By Abby Hamrick, Intern
The first step in understanding and addressing the needs of North Carolina children is knowing basic facts about where they live and how old they are; their health, economic and educational circumstances; and how many there are. The census helps us understand these factors and plays a crucial role in determining the allocation of $16.3 billion of federal resources to our state. That’s why getting an accurate census count is essential to the well-being of our state’s children.
Unfortunately, Congress is planning to fund census work in the 2018 budget at $1.5 billion, which accounts for only 83 percent of what is needed to effectively prepare for the 2020 Census.
Historically, the Census Bureau has taken the few years before the census to run tests that check for hiccups and ensure accuracy when the real census is conducted. Because of underfunding, the Bureau has already had to cut testing projects in West Virginia and Washington state. Additionally, residents will have the opportunity to complete the 2020 Census online, which has never been done before.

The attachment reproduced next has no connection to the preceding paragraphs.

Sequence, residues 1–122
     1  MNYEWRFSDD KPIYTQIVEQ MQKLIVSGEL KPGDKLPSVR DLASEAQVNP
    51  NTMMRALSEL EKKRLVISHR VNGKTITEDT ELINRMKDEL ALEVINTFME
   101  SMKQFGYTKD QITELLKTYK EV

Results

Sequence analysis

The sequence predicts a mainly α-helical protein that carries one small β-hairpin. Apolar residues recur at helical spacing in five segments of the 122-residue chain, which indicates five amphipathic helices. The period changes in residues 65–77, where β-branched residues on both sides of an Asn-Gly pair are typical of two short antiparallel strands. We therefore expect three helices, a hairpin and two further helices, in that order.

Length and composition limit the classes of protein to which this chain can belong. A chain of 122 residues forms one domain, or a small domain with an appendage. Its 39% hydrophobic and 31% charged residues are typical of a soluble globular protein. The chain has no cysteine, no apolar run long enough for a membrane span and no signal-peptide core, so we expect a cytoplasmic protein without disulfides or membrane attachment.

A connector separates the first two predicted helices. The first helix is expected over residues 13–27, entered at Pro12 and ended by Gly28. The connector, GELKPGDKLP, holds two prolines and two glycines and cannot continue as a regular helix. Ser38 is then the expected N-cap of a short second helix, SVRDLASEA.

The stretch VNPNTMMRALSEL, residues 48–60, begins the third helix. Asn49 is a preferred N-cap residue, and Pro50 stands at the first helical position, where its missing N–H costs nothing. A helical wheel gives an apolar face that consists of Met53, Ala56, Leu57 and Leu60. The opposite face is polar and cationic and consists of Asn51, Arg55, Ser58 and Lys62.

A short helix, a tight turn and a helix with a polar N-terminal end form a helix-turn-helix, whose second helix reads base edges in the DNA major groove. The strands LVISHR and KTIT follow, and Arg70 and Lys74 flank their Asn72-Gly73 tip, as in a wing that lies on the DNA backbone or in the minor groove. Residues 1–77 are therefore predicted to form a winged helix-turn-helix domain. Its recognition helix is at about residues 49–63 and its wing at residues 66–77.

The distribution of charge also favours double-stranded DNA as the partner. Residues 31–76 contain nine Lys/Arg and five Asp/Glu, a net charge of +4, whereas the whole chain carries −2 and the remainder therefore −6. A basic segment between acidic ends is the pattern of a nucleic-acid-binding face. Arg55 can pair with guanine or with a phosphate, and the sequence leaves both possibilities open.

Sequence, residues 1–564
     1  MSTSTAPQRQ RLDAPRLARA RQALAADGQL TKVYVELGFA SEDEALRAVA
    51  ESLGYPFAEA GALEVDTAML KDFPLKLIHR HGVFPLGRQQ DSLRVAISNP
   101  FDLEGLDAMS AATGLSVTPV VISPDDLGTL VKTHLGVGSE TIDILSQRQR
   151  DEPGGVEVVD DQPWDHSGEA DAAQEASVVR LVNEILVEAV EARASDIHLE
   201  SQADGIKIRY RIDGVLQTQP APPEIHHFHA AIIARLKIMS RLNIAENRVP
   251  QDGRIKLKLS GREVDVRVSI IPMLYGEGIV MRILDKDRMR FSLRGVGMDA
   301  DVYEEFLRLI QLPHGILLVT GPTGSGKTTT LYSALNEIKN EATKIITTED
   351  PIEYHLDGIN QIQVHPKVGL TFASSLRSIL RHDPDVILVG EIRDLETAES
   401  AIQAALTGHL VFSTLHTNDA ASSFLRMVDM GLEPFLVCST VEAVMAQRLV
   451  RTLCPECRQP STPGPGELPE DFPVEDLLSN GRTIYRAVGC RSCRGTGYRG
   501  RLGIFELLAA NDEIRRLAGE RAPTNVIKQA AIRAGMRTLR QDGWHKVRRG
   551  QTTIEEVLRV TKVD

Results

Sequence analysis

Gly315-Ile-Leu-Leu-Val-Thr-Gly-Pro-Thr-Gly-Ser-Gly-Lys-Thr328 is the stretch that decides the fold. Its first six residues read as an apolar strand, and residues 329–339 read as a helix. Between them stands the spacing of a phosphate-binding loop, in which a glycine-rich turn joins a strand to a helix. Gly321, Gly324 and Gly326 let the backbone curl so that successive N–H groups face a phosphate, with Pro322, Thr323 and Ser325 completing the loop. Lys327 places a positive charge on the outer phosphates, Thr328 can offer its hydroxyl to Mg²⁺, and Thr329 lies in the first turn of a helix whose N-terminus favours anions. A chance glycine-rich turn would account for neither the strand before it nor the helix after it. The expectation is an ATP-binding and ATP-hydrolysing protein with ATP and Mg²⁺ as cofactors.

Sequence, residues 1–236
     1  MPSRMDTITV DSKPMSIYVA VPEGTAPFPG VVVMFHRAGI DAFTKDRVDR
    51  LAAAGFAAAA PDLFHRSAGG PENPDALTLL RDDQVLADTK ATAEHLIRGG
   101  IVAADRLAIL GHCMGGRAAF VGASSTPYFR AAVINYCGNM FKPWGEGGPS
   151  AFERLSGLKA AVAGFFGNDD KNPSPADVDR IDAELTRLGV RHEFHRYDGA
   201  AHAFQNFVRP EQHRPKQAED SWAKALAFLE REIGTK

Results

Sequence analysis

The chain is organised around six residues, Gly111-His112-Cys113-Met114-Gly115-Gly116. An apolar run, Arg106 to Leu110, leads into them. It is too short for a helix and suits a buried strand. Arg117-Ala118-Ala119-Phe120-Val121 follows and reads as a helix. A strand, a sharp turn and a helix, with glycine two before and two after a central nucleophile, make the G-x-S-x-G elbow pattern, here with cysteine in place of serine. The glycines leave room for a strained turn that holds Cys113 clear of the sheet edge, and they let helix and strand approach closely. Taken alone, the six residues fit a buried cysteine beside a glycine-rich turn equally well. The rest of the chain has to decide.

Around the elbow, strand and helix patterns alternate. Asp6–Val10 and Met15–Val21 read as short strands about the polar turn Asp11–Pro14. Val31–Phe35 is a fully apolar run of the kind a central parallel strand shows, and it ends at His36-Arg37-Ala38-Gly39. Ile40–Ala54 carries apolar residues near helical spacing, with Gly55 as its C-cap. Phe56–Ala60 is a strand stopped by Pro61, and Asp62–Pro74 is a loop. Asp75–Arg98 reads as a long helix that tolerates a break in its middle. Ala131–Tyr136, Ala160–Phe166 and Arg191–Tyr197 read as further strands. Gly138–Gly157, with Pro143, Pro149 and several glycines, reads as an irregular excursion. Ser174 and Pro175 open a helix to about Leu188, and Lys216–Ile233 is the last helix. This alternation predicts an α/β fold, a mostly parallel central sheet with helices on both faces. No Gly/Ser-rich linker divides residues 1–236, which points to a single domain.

Earlier this year, NC Rep. Mark Meadows (NC-11), chair of the Government Oversight Subcommittee, said,“the Bureau is at risk for gathering incomplete census data, and the potential for information security breaches.” Unlike other years, funding for the Census hasn’t increased as the Census year has approached.
Getting the census wrong has an enormous impact on our children and our state. It ensures that federal resources are directed strategically and that the needs of children in rural and other communities are appropriately represented in the statehouse and in Congress. Regrettably, children ages 0-4 are at risk of being undercounted in the census. The Census Bureau estimates that over 25,000 young children in North Carolina were not counted in the 2010 census, the 8th highest amount in the country. When young children are left out of the census it means fewer resources for critical programs that promote healthy growth and development during early childhood, like Medicaid, SNAP, Title I, Special Education Grants, the School Lunch Program, CHIP, Head Start, WIC, foster care, and child care subsidies.
As Congress begins to debate the federal budget in the coming days, it is critical to the well being of children and families – and states – that our elected officials have a hearty discussion on the importance and implications of the census. The accuracy of the count is the only way, until 2030, that our nation will be able to fairly allocate and steward North Carolinian tax dollars back into our state where they can support our children, families, and communities.